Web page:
Did you know that depression or post-traumatic stress disorder might be included in the list of auto injuries experienced by many people after a car accident?
You may have been feeling depressed but not considered it one of your auto injuries. Or perhaps you're experiencing debilitating anxiety or horrifying flashbacks from the accident on a daily basis. You may have thought the depression is your fault because you’re interpreting the collision from a negative perspective. You may right off your symptoms of PTSD since it indeed normal to experience some anxiety after an upsetting experience.
There are actual studies reported in medical journals on the topic of depression and post-traumatic stress disorder after auto injury, especially whiplash injuries.
A Canadian study in the European Spine Journal included 3,452 people who suffered whiplash and depression. Depression wasn’t their only symptom; it was one of several auto injuries experienced in their collision.
Those who developed depression after the car accident had certain things in common. They were people who had severe pain in their neck or low back. Some of them had severe pain in their entire body. Others counted vision problems and numbness or tingling in their hands or arm as part of their other auto injuries. Some also noted prior mental health problems or poor general health.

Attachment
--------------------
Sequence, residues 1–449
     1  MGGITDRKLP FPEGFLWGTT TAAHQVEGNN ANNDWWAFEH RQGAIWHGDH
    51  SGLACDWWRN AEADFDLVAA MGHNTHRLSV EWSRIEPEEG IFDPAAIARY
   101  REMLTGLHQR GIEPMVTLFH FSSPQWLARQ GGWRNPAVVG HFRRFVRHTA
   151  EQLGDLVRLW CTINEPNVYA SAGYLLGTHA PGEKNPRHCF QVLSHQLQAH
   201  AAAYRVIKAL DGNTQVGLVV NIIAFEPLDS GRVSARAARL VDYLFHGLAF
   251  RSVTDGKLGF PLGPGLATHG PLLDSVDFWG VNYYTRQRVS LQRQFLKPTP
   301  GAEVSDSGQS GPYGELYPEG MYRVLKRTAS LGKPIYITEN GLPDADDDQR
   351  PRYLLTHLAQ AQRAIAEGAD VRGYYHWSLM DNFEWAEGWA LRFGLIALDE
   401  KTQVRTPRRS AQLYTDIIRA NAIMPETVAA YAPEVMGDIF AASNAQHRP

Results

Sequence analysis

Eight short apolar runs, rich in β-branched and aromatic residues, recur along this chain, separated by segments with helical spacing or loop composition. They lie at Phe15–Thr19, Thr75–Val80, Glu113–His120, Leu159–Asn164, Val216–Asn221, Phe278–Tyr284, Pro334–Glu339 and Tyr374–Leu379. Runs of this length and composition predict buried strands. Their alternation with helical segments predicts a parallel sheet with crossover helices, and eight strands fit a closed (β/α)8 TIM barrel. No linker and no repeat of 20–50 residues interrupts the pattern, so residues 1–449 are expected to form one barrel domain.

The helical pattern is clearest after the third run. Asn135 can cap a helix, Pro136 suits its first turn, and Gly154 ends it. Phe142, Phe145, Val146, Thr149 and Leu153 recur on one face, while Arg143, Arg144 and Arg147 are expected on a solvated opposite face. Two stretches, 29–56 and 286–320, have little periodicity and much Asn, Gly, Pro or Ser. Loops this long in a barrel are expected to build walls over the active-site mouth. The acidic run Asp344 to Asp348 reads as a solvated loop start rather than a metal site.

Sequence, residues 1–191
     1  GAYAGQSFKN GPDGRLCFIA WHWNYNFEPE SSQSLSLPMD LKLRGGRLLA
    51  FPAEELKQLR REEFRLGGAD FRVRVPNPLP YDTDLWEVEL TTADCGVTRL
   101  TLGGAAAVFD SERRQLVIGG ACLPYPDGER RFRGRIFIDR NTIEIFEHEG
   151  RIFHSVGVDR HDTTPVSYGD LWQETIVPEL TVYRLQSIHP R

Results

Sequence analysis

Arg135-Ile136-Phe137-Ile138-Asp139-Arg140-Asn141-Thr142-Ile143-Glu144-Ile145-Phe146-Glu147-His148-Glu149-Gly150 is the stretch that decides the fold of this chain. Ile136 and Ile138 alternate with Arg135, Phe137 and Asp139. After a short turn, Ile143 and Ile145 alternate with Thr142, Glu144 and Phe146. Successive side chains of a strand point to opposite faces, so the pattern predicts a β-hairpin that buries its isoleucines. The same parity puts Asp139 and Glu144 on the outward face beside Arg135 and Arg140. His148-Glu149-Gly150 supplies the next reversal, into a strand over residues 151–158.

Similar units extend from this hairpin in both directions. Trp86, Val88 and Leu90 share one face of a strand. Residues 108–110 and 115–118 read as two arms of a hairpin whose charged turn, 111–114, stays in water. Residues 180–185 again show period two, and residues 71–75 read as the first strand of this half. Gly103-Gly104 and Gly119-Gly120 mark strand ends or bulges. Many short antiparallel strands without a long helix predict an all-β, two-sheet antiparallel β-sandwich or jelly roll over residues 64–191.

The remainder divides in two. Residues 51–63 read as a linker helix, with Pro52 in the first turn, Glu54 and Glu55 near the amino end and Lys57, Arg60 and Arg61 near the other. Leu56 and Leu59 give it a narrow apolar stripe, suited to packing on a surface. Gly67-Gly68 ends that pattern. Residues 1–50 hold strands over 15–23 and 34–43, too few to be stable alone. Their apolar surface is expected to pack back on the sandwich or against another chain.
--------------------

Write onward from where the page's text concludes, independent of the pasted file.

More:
In the past, health practitioners believed that depression after a collision was “all in the person’s mind” and may have thought the patient to be a hypochondriac. After imaging studies were done on patients experiencing depression as one of their auto injuries, the doctors found that changes in the person’s brain could indeed account for why they had depression.
Doctors are now including depression as one of many types of symptoms that occur as auto injuries.
The Canadian researchers discovered that 51.7% of those with whiplash developed depression, with 11% of them developing it after the accident.
Interestingly, the number one symptom that predicted who would become depressed after the collision was anxiety. Those who had anxiety were three times more likely to become depressed.
When you get chiropractic treatment, you may notice a lifting of your spirits. Patients frequently mention to chiropractors that they feel better. Thus, if depression is one of your auto injuries, head on down to your chiropractor’s office for treatment of the whiplash and depression – just to feel better!
Phillips, L.A., Carroll, L.J., Cassidy, J.D., and Cote, P. Whiplash-associated disorders: who gets depressed? Who stays depressed? European Spine Journal, June 2010; 19(6):945-956.